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William Goldman, the Oscar-winning screenwriter who penned classics like Butch Cassidy and the Sundance Kid, All the Presidents Men, and The Princess Bride, has died. He was 87 years old.

He died in his Manhattan home on Thursday night, according to Deadline, surrounded by friends and family. A cause of death has not yet been reported, but the outlet notes that Goldmans health had been failing over the last few months.

Few film careers are as legendary as Goldmans. Though he began as a novelist, hes best known for his screenplays, several of which went on to become classics—including Butch Cassidy and the Sundance Kid, the 1969 Western starring Paul Newman and Robert Redford, and All the Presidents Men, the 1976 drama about the Watergate scandal, once again starring Redford and Dustin Hoffman. Goldman won screenplay Oscars for both films.

Goldman also wrote The Princess Bride—both the original novel and the screenplay for the film adaptation, directed by Rob Reiner. The fantasy comedy, often regarded as one of the best in American cinema, follows a charming farmhand who goes off to save a princess (a breakout role for then-newcomer Robin Wright). Goldman was dexterous with genres, able to move seamlessly from dramas to comedies to thrillers—he wrote the screenplay of Stephen Kings Misery, for example, starring Kathy Bates as the villainous Annie Wilkes.

For all the work he did in film, Goldman was just as prolific as a script doctor—a writer who is whisked into a project to tune up or overhaul an existing screenplay. Though he didnt receive screen credits for this work, its known that Goldman tweaked Aaron Sorkins courtroom drama A Few Good Men and Indecent Proposal. He wrote about his craft in his seminal 1983 book, Adventures in the Screen Trade, (in which he coined this classic saying about Hollywood: “Nobody knows anything”), and in his 2000 follow-up, Which Lie Did I Tell? Heres how he described doctoring in the latter: “Doctoring is about one thing only: craft. I am dealing with a maimed and dying beast and the only question is: have I the skill to surgically repair it?”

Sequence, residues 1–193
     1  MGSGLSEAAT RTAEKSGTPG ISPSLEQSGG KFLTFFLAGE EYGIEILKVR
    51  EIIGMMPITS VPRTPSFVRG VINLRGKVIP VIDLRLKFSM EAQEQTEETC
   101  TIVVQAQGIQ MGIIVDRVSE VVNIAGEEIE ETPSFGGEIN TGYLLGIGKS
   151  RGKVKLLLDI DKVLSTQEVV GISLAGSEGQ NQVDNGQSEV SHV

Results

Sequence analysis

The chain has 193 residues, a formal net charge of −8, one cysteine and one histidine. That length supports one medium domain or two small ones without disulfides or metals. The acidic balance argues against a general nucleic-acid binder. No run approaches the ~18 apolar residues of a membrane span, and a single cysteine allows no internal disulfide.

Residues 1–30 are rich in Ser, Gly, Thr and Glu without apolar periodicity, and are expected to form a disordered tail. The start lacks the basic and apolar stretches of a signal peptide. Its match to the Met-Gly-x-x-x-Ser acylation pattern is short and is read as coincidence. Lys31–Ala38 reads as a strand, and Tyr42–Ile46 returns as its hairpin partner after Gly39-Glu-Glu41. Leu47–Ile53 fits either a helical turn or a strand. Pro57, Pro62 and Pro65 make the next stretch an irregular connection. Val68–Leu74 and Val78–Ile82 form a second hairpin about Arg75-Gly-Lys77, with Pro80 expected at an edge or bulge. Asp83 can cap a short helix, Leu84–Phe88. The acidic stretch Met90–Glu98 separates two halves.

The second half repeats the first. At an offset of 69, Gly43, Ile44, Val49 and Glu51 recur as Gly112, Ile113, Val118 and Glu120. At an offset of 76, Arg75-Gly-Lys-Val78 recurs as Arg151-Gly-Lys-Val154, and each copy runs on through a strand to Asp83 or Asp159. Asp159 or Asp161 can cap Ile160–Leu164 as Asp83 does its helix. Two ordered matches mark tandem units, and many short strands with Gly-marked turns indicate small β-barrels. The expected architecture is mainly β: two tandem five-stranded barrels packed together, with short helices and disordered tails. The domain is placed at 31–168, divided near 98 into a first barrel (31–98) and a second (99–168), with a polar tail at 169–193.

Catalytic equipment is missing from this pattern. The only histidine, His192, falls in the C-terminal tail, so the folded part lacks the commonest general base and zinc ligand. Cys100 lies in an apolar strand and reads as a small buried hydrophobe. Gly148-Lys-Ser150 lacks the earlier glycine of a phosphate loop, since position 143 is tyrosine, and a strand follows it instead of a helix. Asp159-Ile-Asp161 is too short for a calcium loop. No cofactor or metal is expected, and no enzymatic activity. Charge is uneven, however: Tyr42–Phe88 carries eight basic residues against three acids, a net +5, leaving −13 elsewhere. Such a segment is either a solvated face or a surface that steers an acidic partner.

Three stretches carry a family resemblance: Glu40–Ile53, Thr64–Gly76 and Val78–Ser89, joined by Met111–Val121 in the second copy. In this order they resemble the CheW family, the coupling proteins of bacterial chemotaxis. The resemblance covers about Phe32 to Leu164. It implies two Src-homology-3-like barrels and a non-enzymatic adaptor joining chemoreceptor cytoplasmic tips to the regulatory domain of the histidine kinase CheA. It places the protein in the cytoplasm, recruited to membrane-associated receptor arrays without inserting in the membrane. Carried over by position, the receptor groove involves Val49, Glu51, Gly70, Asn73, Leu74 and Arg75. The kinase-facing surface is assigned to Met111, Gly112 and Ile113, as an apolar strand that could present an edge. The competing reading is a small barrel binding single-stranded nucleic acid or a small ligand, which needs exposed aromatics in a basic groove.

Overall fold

In that book, he also addressed persistent rumors that he essentially wrote Good Will Hunting, the Boston-set drama starring and co-written by then-virtual unknowns Matt Damon and Ben Affleck. The newcomers won Oscars for their original screenplay, kicking off two divergent and fruitful careers in the business. In his book, Goldman jokes about the rumors and explains the truth: Affleck and Damon took a meeting with Rob Reiner, who recommended they get rid of the extraneous chase and action sequences in the original script and stick to the character drama. Goldman, who later read the script and spent a day with the writers, seconded the idea. “All I said was this: Robs dead right,” Goldman wrote in the book. “Period. Total contribution: zero.”

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Goldmans final screenplay credit came in 2015 when he adapted his novel Heat (made into a 1986 film starring Burt Reynolds) into a remake titled Wild Card, starring Jason Statham.